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Yeonggwang 3 Shut Down, People are Nervous
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Cracks were found in six control rod tunnels, key components, in unit 3 of Yeonggwang Nuclear Power Plant in South Jeolla Province. Yeonggwang 3 was shut down on October 18 for annual maintenance, and was scheduled to resume operation on November 24.

During inspection, experts discovered the cracks and are now investigating their cause after having suspended operation until the end of the year. The Yeonggwang Nuclear Power Plant had suspended its units 5 and 6 until the end of the year after it was recently revealed that parts with forged certificates were used. So news of the cracks is fueling the anxiety among the people.

The control rod tunnels are straw-shaped parts, which help guide the control rods--a key device in controlling the nuclear fission--to properly fit into the reactor. Korea Hydro & Nuclear Power Corporation announced, "Since there were no penetrating holes, just microscopic cracks, there is no risk of radiation leakage or any other safety problems."

Citizens protest against the Yeonggwang nuclear power plant. The Kyunghyang Shinmun DB

However, this is the first time since Korea started operating nuclear power plants that a crack has occurred on key components and not simple parts. Experts say if the power plant had continued to run with the cracks, it could have led to an explosion of the reactor in the worst case. They've pointed out how fortunate it was to have discovered the cracks when the unit was shut down.

The problem is the lax regulations of the Nuclear Safety and Security Commission. According to the notification of the current Nuclear Safety and Security Commission, which manages the safety of nuclear power plants, cracks in control rod tunnels are categorized as items that do not require a report to the superior office or a public announcement.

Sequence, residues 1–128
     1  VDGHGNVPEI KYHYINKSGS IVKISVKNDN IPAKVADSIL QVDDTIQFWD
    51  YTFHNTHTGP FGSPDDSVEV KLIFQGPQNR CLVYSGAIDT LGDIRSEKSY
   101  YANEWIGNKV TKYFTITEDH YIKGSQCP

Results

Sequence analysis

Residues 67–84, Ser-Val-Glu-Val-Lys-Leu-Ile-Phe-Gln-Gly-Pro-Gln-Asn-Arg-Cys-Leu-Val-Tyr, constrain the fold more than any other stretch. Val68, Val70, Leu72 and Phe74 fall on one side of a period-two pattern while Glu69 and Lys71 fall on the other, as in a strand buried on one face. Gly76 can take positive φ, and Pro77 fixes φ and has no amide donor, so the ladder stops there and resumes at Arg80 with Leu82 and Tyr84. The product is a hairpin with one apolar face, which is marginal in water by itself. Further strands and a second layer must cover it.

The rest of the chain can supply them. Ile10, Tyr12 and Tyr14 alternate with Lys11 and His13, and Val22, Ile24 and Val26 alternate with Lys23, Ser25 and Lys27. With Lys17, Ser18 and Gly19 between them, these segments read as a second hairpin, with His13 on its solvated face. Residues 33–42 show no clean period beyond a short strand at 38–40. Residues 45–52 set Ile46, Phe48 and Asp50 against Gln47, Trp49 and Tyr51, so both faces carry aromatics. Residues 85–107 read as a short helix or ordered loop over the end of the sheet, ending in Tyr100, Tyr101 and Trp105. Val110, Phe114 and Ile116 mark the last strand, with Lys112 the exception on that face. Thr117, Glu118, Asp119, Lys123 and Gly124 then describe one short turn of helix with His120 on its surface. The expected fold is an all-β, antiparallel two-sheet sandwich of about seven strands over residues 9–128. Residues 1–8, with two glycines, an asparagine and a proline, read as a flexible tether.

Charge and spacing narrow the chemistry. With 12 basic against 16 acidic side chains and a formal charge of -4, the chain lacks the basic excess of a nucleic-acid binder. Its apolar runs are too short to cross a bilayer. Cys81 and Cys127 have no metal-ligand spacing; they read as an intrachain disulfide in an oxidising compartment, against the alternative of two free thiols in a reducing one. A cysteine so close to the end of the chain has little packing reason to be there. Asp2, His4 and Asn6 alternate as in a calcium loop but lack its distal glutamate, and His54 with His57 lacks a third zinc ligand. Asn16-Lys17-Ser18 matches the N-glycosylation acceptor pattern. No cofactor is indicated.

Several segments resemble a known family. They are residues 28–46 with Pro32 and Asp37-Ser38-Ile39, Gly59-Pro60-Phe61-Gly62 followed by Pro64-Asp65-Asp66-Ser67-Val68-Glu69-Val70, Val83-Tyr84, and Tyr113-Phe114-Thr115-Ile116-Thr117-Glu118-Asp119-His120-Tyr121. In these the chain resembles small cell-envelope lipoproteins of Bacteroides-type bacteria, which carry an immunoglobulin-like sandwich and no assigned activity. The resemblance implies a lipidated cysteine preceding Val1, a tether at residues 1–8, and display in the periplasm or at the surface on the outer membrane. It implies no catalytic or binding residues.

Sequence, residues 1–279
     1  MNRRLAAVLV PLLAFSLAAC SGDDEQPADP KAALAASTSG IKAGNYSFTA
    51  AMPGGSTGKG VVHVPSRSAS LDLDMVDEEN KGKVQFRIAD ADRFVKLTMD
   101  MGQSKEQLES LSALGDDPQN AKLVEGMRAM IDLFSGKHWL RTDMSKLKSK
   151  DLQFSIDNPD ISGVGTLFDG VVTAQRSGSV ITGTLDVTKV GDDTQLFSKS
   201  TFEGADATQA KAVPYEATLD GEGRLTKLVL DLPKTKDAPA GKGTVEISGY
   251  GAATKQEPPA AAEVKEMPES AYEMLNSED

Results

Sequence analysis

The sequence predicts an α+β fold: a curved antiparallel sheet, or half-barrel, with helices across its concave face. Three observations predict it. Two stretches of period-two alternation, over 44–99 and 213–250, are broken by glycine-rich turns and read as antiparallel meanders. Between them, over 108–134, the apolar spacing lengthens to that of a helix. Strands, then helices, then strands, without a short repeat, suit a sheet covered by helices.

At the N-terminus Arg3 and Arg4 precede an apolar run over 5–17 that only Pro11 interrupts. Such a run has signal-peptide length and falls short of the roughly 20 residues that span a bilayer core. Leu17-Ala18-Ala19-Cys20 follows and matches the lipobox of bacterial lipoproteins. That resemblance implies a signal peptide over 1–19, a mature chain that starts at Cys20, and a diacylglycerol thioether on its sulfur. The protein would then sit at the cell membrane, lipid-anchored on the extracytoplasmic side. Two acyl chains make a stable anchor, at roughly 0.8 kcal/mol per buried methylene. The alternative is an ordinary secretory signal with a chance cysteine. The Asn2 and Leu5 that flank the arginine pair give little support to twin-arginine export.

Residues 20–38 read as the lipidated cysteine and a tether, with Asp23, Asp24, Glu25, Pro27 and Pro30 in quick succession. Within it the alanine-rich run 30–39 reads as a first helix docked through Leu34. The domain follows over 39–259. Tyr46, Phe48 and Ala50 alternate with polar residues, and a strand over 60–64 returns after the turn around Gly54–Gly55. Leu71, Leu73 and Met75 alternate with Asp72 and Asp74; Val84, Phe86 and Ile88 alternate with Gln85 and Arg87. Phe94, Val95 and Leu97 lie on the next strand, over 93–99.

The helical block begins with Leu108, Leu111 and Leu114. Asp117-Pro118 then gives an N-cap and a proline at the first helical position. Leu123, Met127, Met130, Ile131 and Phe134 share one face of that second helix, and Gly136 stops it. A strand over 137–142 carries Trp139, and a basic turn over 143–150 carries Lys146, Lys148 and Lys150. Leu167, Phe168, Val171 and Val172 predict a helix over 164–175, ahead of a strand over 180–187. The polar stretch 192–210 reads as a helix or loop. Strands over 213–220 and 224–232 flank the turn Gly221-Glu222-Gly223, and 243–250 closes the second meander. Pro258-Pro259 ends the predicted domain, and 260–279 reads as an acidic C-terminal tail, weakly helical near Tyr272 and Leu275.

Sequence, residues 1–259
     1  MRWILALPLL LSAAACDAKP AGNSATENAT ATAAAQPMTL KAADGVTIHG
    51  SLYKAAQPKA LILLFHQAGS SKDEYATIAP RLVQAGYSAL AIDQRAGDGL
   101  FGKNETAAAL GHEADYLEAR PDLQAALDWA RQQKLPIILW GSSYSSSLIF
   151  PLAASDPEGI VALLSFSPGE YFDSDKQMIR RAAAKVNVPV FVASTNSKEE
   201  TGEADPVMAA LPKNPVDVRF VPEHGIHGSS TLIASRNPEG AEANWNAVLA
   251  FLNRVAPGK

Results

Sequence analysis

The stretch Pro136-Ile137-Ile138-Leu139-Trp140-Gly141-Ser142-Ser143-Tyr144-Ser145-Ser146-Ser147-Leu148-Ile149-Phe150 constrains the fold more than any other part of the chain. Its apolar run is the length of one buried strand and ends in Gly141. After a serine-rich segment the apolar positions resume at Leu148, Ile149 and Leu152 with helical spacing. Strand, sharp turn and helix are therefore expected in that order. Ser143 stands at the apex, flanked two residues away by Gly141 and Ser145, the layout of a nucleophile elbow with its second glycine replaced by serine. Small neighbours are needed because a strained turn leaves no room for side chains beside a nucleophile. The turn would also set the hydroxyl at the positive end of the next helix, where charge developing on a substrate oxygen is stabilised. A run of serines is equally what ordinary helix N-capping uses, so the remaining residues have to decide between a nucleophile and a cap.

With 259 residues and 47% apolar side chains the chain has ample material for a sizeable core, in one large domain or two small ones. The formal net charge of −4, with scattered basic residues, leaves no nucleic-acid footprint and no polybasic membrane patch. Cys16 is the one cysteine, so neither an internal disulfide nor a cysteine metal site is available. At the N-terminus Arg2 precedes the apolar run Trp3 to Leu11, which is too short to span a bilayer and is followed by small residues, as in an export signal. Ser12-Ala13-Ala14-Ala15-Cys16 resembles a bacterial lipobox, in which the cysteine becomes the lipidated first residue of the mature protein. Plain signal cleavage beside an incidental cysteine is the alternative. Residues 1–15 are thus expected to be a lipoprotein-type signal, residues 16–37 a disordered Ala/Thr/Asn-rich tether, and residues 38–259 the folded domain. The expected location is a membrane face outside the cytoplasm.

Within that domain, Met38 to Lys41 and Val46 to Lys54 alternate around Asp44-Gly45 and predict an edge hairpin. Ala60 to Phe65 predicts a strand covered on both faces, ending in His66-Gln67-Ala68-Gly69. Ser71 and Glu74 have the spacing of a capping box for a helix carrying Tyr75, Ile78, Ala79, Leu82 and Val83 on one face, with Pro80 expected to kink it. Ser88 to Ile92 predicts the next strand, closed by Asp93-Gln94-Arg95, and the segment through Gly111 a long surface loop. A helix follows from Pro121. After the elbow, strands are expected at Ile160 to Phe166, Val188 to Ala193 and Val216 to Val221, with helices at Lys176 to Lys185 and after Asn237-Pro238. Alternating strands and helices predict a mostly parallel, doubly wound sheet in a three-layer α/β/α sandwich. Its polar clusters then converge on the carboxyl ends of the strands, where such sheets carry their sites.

Korea Hydro & Nuclear Power discovered the cracks on November 3, but they did not even report it to its supervisory ministry, the Ministry of Knowledge Economy. They made an announcement only after Democratic United Party lawmaker Yoo Eun-hye first revealed the existence of the cracks to the press on November 9.

In this process suspicions were raised about an attempt to conceal the problem. As the situation snowballed, an official from the Nuclear Safety and Security Commission said there was a need to review measures to include cracks in the control rod tunnels and other minor issues among items that should be made public.

The discovery of cracks in Yeonggwang 3 has put the country in a state of emergency for this winter's power supply. The reserve power for January and February next year is 2.3 million kW. However, if Yeonggwang 3, 5, and 6 do not resume operation by the end of this year, production will fall by 3 million kW, which means we will lack 700,000 kW.

This forecasts a power crisis. Yet still, we must not rush operations of nuclear power plants. That's because the safety of nuclear power plants is top priority. We must seek other alternatives such as energy conservation measures.

The Federation for Environmental Movement expressed their concerns by saying, "If they resume operation of the nuclear power plants fearing a power shortage, we can never tell when an accident will occur again." The government will have to immediately carry out safety inspections of all nuclear power plants.

Copyright The Kyunghyang Shinmun. All rights reserved. Reproduction and redistribution without permission absolutely prohibited.

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